Vitality of human connection

Ella Schuellerman, Arts & Life Editor

This week in E’s Editorial, I cover a topic that has served as a daily reminder for me to keep in touch, especially in times of isolation that is out of our control. Human connection is essential to live happy, healthy and beautiful lives. (Ella Schuellerman)

Across the country, hundreds of thousands of college seniors have had their final year — or the in-person aspect of it — cut short. We naively thought the virus was only going to affect our school systems in the short term and take away important moments from the class of 2020. But as we nearly reach the one-year mark of the virus landing in the United States, the class of 2021 will have spent nearly one-third of their entire college experience online.

Those who are seniors now have been overloaded and overstimulated for three years: intensive school, summer internships, a summer solar eclipse, false missile warnings, presidential races, watching mass shooting evacuations on Twitter, witnessing advances in LGBTQ rights, wildfires galore in California, the most diverse class of lawmakers sworn into Congress, more climate disruptions and, of course, COVID-19.

This column is not some COVID-19 rant though. I don’t want to continue blaming and complaining about COVID-19 as the source of all our problems, big and small. What I want to do is emphasize and applaud the overlooked. We took care of each other over the last year. We looked after each other and battled every hardship as a united front. 

My friend and I discussed how we mutually would not have gotten through last year without one another. We did not have to say it out loud, but it was one of the truest, most euphoric moments to acknowledge that the people we love made the past year livable. 

The mental health crisis the United States was battling before COVID-19 has been exacerbated since the pandemic landed. People are lonelier, more lost and more confused than ever because the past year isolated us from our friends, neighbors and family. The people that give us courage and make us resilient, we could not even hug or see in-person, yet they helped us through. 

I discovered one of my favorite quotes during a John Carroll philosophy class. Ancient Greek philosopher Pitagora said, “Friends are as companions on a journey, who ought to aid each other to persevere in the road to a happier life.”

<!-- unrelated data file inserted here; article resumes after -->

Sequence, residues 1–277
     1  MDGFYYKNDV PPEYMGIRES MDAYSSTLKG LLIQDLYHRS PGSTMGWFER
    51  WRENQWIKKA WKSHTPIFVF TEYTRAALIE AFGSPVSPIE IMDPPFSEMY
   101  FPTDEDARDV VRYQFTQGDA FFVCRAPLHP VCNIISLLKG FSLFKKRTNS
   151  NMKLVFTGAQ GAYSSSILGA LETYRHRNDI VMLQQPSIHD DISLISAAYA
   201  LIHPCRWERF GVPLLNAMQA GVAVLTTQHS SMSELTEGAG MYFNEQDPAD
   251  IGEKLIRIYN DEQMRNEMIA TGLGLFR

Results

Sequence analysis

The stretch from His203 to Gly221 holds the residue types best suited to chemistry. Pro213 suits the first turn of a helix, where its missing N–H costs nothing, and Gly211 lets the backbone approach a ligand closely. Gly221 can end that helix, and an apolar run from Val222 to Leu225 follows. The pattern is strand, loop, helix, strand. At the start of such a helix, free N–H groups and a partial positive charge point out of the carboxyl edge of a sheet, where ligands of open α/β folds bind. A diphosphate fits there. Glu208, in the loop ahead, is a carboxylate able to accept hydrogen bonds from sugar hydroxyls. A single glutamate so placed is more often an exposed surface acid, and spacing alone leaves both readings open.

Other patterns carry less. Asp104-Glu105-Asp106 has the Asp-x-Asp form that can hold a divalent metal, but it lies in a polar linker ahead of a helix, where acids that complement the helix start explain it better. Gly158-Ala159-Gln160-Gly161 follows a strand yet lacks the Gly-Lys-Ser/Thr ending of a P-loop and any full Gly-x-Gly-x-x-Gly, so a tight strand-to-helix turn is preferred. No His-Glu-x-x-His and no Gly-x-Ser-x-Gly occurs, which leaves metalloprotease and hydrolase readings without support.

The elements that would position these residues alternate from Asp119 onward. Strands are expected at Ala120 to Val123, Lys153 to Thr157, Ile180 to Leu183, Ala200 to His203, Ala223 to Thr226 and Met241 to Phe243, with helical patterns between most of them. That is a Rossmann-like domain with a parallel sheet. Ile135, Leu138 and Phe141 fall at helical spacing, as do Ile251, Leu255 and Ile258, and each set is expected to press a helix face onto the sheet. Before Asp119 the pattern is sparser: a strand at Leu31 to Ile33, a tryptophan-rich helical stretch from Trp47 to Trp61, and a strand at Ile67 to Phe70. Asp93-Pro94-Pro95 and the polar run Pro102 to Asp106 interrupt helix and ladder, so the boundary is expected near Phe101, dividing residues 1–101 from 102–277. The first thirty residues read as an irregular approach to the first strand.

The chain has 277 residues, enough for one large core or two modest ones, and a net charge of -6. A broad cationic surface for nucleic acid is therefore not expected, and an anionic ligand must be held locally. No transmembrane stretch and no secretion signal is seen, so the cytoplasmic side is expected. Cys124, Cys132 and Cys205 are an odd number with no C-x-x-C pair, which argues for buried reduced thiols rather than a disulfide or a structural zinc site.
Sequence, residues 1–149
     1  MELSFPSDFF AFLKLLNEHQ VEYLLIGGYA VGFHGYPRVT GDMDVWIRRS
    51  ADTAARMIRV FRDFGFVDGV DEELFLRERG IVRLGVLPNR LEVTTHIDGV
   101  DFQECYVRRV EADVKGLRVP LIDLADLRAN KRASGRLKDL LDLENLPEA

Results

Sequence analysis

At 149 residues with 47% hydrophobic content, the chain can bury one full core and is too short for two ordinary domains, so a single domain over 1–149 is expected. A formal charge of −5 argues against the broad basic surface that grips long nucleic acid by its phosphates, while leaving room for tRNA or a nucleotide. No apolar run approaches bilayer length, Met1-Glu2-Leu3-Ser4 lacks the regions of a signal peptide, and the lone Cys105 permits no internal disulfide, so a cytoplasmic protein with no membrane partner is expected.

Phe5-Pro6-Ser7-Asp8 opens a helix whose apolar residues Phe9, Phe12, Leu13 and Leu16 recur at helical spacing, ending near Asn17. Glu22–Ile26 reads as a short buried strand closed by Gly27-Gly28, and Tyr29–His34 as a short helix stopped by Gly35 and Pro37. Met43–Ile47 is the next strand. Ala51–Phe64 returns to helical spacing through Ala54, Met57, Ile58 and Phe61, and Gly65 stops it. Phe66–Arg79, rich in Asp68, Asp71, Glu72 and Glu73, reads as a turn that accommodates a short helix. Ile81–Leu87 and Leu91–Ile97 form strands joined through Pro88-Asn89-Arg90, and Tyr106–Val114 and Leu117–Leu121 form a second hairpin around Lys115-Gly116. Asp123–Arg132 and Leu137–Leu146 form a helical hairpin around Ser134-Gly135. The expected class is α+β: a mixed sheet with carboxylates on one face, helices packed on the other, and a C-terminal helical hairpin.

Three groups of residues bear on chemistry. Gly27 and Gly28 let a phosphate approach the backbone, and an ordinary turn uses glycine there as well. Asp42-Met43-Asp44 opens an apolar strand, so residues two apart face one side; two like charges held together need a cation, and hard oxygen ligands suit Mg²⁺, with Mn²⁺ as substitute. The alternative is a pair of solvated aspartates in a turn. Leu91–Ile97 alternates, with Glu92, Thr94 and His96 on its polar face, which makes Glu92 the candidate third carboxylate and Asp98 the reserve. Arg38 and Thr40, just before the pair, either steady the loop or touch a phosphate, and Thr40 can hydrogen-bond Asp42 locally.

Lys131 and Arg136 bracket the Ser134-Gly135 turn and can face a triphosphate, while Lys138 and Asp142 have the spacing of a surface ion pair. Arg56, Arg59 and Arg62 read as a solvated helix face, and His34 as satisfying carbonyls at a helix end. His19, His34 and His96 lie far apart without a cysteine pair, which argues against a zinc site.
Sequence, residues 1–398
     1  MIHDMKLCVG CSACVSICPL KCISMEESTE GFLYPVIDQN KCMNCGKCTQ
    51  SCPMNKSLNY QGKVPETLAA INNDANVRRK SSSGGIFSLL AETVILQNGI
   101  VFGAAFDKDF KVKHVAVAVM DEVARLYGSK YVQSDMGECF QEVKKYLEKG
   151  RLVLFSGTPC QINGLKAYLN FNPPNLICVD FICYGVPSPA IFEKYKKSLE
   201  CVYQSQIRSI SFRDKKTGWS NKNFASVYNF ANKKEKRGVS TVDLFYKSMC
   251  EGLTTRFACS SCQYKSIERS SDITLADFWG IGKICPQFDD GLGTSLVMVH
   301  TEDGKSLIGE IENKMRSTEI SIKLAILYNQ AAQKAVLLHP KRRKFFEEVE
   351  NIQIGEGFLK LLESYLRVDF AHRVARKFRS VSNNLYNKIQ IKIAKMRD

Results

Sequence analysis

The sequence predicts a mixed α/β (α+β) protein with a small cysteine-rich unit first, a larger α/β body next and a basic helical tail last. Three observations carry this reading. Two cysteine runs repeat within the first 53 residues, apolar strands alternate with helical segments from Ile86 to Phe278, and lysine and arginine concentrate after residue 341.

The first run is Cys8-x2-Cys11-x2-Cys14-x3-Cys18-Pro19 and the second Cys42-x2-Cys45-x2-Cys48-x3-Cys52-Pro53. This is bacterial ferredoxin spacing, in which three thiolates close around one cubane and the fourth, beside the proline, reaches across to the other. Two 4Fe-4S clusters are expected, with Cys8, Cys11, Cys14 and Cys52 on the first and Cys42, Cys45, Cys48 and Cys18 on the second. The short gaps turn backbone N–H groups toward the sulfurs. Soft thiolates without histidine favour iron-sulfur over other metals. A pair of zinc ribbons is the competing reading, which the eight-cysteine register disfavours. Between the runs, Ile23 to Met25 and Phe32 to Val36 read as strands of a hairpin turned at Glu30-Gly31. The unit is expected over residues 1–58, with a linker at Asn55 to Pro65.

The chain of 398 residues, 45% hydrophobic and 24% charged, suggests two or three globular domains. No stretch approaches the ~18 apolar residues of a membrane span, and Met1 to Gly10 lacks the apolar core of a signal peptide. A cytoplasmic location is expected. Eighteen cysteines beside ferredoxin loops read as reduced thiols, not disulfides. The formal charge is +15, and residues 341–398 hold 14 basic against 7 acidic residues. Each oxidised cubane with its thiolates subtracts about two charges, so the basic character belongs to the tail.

There are many ways to foster relationships during a period that perpetuates loneliness. Some of my favorite ways to do this is by joining virtual groups, spending as much time as I can outdoors or impromptu check-ins with friends and family. (Ella Schuellerman)

In a world where a “mob mentality” or “everyone for themselves” attitude prevails, we must actively remind ourselves that we have friends, families, peers, professors and even strangers who want to lend a helping hand. 

I urge people not to suppress feelings of loneliness or stress. The people around you can be empathetic. They are waiting to hear you, see you and understand you. In the same vein, there are also people who may really need a friend like you too. If you feel like you need additional support, there are many ways to create a little community of your own. 

I’ve continued to meet people during the pandemic by reaching out to classmates virtually. My peers are going through nearly the same academic and social situation as I am. I have also met friends from around the world by joining my favorite podcast’s Facebook group, and I even joined a virtual book club. I’ve also taken the last year to strengthen my relationship with my family. 

Ironically, the last year has reminded me that whether the world is stuck on pause, busy to the brim, pandemic-ridden or recovering, fostering connection is vital. Human connection has improved my quality of life, spurred me to develop deeper relationships and given me more faith in humanity.